Special Effects in "The Gold Rush"
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This paper analyzes special effects in Charlie Chaplin's film "The Gold Rush," noting how some of the effects were done and what effect they had on the audience. The paper shows how "The Gold Rush" was a comic masterpiece where the audiences believed every scene and accepted the humor in situations that otherwise would have been starkly dramatic.
From the Paper:"Charlie Chaplin's 1925 film The Gold Rush delighted audiences with its humor in spite of very grim subject matter, and it also used the special effects of the time to create the illusion of a blizzard and to show the effects of such a storm as well as various comic actions of the main character. The effects added a great deal to the film, including making it seem more realistic, as if it had been filmed in the frozen north when in fact it was not.
"Slapstick comedy was a particularly strong form of silent movie comedy because it did not rely on words but on physicality and on the interaction of performers with the world surrounding them. The slapstick comedian took his cue from the circus clown more than the comic stage actor of the time. Chaplin developed his Tramp character and costumed that character with baggy pants and oversized shoes not unlike the circus clown costume. Chaplin also "was consciously modeling himself on the American tramp" (Musser 43). Chaplin reflected issues of labor and work through this character, but Walter Kerr states that this was a philosophical and not a social statement (Musser 42)."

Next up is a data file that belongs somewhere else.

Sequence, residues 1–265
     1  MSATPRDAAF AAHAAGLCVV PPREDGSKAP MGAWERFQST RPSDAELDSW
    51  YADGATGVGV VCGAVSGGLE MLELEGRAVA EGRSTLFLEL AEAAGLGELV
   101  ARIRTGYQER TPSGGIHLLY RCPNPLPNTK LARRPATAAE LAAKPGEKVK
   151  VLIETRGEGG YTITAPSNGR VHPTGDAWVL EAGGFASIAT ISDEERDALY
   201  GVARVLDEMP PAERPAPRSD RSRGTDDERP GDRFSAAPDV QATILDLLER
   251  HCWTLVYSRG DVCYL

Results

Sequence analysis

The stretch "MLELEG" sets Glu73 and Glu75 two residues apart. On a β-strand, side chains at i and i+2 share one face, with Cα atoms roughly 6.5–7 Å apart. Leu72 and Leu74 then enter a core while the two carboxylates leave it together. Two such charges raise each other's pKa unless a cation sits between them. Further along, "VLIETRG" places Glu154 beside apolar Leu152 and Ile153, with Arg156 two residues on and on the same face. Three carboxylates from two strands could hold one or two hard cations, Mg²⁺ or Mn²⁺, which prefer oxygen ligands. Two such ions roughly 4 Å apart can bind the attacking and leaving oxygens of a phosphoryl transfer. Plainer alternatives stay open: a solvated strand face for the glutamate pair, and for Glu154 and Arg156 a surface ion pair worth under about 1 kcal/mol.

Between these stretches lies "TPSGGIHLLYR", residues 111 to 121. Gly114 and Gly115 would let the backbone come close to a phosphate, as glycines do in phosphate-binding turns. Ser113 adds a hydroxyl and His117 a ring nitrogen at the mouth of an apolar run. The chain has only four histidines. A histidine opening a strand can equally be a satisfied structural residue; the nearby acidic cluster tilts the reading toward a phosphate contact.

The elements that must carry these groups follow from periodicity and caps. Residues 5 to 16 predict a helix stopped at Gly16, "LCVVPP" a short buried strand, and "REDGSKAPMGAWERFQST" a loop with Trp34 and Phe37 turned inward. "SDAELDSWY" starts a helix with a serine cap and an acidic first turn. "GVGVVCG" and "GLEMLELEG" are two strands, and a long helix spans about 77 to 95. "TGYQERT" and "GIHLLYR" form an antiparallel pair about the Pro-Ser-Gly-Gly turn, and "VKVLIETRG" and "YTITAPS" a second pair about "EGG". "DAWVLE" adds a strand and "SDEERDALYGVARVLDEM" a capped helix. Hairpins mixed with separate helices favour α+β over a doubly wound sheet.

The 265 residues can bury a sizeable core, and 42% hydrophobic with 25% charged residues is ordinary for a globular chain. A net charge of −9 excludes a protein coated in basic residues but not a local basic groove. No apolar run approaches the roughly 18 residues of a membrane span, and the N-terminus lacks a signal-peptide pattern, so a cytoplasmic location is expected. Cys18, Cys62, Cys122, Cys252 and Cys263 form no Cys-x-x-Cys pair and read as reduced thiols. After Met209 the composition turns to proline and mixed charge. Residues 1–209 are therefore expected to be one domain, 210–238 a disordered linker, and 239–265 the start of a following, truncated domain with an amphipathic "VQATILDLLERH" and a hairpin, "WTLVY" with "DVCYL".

Cite this Analytical Essay:
Special Effects in "The Gold Rush" (2003, November 06) Retrieved July 06, 2022, from https://www.academon.com/analytical-essay/special-effects-in-the-gold-rush-37317/
"Special Effects in "The Gold Rush"" 06 November 2003. Web. 06 July. 2022. <https://www.academon.com/analytical-essay/special-effects-in-the-gold-rush-37317/>